Ellen's possessiveness is her central character flaw.  Her own mother and cousin, in their conversations with an increasingly-worried Richard, suggest that Ellen loves too intensely and that such love, insufficiently reciprocated, suffocates those people to whom Ellen is most deeply attached, even close friends and family.  The seeming disintegration of Ellen's supposedly perfect marriage is merely one consequence of her progressively compulsive behavior.  Leave Her to Heaven may start out as a typical Hollywood romance, but its gradual descent into more disturbing and sinister themes marks this film as an atypically dark production for the studio era of the 1940's.

Coincidentally or not, Gene Tierney's most memorable films have always featured psychological (and occasionally supernatural) elements.  Leave Her to Heaven is no exception and furthermore presents a rare opportunity to watch this classic Hollywood actress in a Technicolor film from the prime of her career.  While the film's thespian tendencies veer towards the pre-Method acting style, its evocative cinematography, pensive storyline, and thriller aspects make Leave Her to Heaven as dramatically effective today as sixty years ago.

Video ***

See Gene Tierney in glorious Technicolor!  Leave Her to Heaven is presented in its original full-frame, color format.  The film's image has been restored and looks quite breath-taking, a fine tribute to the Academy Award-winning cinematography.  However, the picture quality is not entirely perfect and does contain some mild emulsion fluctuation and bare traces of film stock damage with an occasional softness of the picture quality.  Still, overall Leave Her to Heaven looks mostly sharp with all the gorgeous hues and vibrant colors common to Technicolor films.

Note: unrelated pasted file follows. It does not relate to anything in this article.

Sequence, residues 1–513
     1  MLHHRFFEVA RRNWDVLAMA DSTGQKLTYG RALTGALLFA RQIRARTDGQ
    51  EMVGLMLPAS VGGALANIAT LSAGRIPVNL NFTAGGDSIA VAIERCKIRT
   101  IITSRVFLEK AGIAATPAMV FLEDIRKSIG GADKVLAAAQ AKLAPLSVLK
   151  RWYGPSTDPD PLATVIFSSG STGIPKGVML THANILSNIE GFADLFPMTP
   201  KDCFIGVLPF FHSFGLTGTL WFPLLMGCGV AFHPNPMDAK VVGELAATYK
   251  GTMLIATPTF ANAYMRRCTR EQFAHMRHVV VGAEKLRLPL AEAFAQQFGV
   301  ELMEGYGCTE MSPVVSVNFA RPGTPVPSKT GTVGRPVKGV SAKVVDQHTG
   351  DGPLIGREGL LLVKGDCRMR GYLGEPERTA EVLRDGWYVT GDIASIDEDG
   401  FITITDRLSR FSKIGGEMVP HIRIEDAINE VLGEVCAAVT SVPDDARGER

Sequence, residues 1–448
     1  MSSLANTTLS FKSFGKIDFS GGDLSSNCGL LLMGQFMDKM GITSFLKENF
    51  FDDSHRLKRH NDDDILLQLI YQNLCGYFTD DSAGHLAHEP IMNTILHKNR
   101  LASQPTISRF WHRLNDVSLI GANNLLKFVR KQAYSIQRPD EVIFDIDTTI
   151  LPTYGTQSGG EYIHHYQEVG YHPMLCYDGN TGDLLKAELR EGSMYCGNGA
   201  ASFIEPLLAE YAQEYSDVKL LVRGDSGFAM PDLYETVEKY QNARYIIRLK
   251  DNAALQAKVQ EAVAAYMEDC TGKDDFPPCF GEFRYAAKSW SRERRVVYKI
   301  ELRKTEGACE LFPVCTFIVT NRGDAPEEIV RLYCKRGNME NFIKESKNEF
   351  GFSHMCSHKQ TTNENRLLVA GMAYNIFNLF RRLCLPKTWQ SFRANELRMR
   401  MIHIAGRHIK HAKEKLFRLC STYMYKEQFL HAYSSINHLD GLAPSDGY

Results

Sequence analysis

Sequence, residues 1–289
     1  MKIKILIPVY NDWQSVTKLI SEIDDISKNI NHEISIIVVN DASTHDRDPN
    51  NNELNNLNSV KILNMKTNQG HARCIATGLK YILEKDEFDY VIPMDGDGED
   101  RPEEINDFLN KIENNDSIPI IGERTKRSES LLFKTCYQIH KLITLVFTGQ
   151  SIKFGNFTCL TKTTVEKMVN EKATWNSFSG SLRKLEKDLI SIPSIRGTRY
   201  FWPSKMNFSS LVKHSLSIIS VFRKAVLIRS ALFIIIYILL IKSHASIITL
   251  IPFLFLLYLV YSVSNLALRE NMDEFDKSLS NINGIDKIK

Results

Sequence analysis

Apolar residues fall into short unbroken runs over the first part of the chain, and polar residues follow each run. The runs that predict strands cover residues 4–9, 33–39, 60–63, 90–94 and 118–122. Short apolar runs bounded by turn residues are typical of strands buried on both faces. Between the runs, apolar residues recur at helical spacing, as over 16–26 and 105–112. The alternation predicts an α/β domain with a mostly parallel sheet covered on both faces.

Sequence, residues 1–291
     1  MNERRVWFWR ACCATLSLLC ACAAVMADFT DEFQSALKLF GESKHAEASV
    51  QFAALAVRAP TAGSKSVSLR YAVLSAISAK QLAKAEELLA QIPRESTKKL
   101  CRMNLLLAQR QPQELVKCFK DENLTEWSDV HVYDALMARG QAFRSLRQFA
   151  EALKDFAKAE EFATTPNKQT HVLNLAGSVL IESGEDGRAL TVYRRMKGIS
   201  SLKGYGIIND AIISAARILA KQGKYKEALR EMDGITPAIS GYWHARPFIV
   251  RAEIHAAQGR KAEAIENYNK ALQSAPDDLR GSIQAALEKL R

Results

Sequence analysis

Audio ***

Leave Her to Heaven was originally recorded in monophonic sound.  An optional English stereo audio track as well as a Spanish mono track are also available.  The musical score by Alfred Newman, one of Hollywood's greatest film composers, is quite wonderful, too.  It truly evokes an ominous ambiance to the film and contributes significantly to many of the film's more tense or suspenseful moments.

Features **

The DVD's most prominent bonus feature is a commentary track by actor Darryl Hickman and film critic Richard Schickel.  Hickman speaks mostly about his personal memories of being a child actor and of working on the Leave Her to Heaven production.  Hickman also reminisces fondly over personal experiences with other child stars of his day (Elizabeth Taylor, Roddy McDowall, and Shirley Temple, for instance).  Schickel mainly discusses the film's production and offers brief biographies about the film's main stars as well as director John Stahl.

Admirers of Gene Tierney can check out the still gallery containing twenty-two production stills of the photogenic actress as well as her co-stars and film's crew.

A restoration comparison (2 min.) is included as an effective way of comparing the 1994 film transfer to the current restoration done for this DVD's transfer.

Movietone news clips (2 min.) offer footage covering the film's premiere and the Oscar presentations, including the awarding of the Best Cinematography (Color).  Lastly, trailers for Leave Her to Heaven, In Old Chicago, The Prime of Jean Brodie, The Snake Pit, and The Three Faces of Eve round out the bonus features on this disc.  These films are all selections from Fox's on-going "Studio Classics" DVD series.  The Snake Pit and The Three Faces of Eve in particular touch upon similarly dark themes as in Leave Her to Heaven.


Leave Her to Heaven is an evocative drama done in the classic 1940's mode.  Haunting and daring, this film mixes elements of film noir with psychological tension.  Fans of the old Hollywood style of filmmaking or of Gene Tierney and Vincent Price will be particularly pleased with this vintage film!